toFind, str, index);
   }
}
// The example displays the following output: 
//        Found 'n' in 'animal' at position 1
using namespace System;

void main()
{
   String^ str = "animal";
   String^ toFind = "n";
   int index = str->IndexOf("n");
   Console::WriteLine("Found '{0}' in '{1}' at position {2}",
                        toFind, str, index);

}
// The example displays the following output: 
//        Found 'n' in 'animal' at position 1

The following example uses the IndexOf method to determine the starting position of an animal name in a sentence. It then uses this position to insert an adjective that describes the animal into the sentence.

Public Class Example
    Public Shared Sub Main()
        Dim animal1 As String = "fox" 
        Dim animal2 As String = "dog" 
        Dim strTarget As String = String.Format("The {0} jumped over the {1}.", 
                                                animal1, animal2)

        Console.WriteLine("The original string is: {0}{1}{0}", 
                          Environment.NewLine, strTarget)

        Console.Write("Enter an adjective (or group of adjectives) " +
                      "to describe the {0}: ==> ", animal1)
        Dim adj1 As String = Console.ReadLine()

        Console.Write("Enter an adjective (or group of adjectives) " + 
                      "to describe the {0}: ==> ", animal2)
        Dim adj2 As String = Console.ReadLine()

        adj1 = adj1.Trim() + " "
        adj2 = adj2.Trim() + " "

        strTarget = strTarget.Insert(strTarget.IndexOf(animal1), adj1)
        strTarget = strTarget.Insert(strTarget.IndexOf(animal2), adj2)

        Console.WriteLine("{0}The final string is:{0}{1}", 
                          Environment.NewLine, strTarget)
    End Sub  
End Class  
' Output from the example might appear as follows: 
'       The original string is: 
'       The fox jumped over the dog. 
'        
'       Enter an adjective (or group of adjectives) to describe the fox: ==> bold 
'       Enter an adjective (or group of adjectives) to describe the dog: ==> lazy 
'        
'       The final string is: 
'       The bold fox jumped over the lazy dog.
using System;

public class Example {
    public static void Main() 
    {
        string animal1 = "fox";
        string animal2 = "dog";

        string strTarget = String.Format("The {0} jumped over the {1}.", 
                                         animal1, animal2);

        Console.WriteLine("The original string is:{0}{1}{0}", 
                          Environment.NewLine, strTarget);

        Console.Write("Enter an adjective (or group of adjectives) " +
                      "to describe the {0}: ==> ", animal1);
        string adj1 = Console.ReadLine();

        Console.Write("Enter an adjective (or group of adjectives) " + 
                      "to describe the {0}: ==> ", animal2);    
        string adj2 = Console.ReadLine();

        adj1 = adj1.Trim() + " ";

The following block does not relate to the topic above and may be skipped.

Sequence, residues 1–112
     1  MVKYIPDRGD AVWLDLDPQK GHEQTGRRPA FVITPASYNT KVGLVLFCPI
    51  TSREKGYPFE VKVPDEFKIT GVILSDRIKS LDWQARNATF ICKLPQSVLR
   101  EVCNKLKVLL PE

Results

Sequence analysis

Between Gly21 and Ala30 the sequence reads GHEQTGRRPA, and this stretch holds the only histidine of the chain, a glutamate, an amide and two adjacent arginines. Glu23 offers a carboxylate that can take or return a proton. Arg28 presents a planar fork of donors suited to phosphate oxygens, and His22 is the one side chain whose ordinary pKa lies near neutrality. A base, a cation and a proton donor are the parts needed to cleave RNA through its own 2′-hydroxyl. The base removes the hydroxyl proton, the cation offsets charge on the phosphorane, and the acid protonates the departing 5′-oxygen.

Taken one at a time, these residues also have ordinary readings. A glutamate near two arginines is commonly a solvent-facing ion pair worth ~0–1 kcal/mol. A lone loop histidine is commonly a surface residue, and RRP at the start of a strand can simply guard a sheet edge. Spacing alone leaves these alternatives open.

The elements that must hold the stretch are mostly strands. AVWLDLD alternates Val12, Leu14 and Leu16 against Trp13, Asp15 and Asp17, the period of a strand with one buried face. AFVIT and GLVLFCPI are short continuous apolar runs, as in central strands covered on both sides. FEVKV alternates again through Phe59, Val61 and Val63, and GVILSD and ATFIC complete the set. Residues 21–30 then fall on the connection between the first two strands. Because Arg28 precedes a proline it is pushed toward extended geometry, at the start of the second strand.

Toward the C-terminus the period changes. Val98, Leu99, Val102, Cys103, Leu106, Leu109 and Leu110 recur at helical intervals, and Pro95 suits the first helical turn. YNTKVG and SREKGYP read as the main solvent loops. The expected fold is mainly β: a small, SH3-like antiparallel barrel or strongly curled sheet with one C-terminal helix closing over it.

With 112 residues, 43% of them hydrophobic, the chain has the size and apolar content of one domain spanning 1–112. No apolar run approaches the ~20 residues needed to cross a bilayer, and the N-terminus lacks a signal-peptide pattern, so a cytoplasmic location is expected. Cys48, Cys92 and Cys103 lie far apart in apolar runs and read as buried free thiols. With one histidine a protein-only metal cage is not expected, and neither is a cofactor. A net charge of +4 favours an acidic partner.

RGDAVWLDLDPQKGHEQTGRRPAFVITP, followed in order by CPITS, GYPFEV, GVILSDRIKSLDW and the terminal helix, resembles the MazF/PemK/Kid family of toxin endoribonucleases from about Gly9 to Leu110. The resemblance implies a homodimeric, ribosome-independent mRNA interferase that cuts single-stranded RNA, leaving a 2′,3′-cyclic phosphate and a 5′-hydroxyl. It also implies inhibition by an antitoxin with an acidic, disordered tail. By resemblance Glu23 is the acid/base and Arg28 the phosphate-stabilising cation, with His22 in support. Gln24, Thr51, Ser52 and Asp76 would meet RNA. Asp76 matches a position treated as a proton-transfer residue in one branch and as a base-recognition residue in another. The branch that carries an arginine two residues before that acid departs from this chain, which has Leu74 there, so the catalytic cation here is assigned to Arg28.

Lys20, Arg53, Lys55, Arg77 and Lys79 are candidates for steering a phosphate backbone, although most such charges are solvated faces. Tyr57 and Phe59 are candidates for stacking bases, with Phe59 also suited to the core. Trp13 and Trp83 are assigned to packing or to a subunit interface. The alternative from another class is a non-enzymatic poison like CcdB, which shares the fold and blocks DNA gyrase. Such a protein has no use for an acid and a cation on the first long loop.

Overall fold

adj2 = adj2.Trim() + " ";

        strTarget = strTarget.Insert(strTarget.IndexOf(animal1), adj1);
        strTarget = strTarget.Insert(strTarget.IndexOf(animal2), adj2);

        Console.WriteLine("{0}The final string is:{0}{1}", 
                          Environment.NewLine, strTarget);
    }
}
// Output from the example might appear as follows: 
//       The original string is: 
//       The fox jumped over the dog. 
//        
//       Enter an adjective (or group of adjectives) to describe the fox: ==> bold 
//       Enter an adjective (or group of adjectives) to describe the dog: ==> lazy 
//        
//       The final string is: 
//       The bold fox jumped over the lazy dog.
using namespace System;

int main()
{
   String^ animal1 = "fox";
   String^ animal2 = "dog";
   String^ strTarget = String::Format( "The {0} jumped over the {1}.", animal1, animal2 );
   Console::WriteLine( "The original string is:{0}{1}{0}", Environment::NewLine, strTarget );
   Console::Write( "Enter an adjective (or group of adjectives) to describe the {0}: ==> ", animal1 );
   String^ adj1 = Console::ReadLine();
   Console::Write( "Enter an adjective (or group of adjectives) to describe the {0}: ==> ", animal2 );
   String^ adj2 = Console::ReadLine();
   adj1 = String::Concat( adj1->Trim(), " " );
   adj2 = String::Concat( adj2->Trim(), " " );
   strTarget = strTarget->Insert( strTarget->IndexOf( animal1 ), adj1 );
   strTarget = strTarget->Insert( strTarget->IndexOf( animal2 ), adj2 );
   Console::WriteLine( " {0}The final string is: {0} {1}", Environment::NewLine, strTarget );
}
// Output from the example might appear as follows: 
//       The original string is: 
//       The fox jumped over the dog. 
//        
//       Enter an adjective (or group of adjectives) to describe the fox: ==> bold 
//       Enter an adjective (or group of adjectives) to describe the dog: ==> lazy 
//        
//       The final string is: 
//       The bold fox jumped over the lazy dog.
Version Information

.NET Framework

Supported in: 4.6, 4.5, 4, 3.5, 3.0, 2.0, 1.1

.NET Framework Client Profile

Supported in: 4, 3.5 SP1

XNA Framework

Supported in: 3.0, 2.0, 1.0

.NET for Windows Phone apps

Supported in: Windows Phone 8.1, Windows Phone Silverlight 8.1, Windows Phone Silverlight 8

Portable Class Library

Supported in: Portable Class Library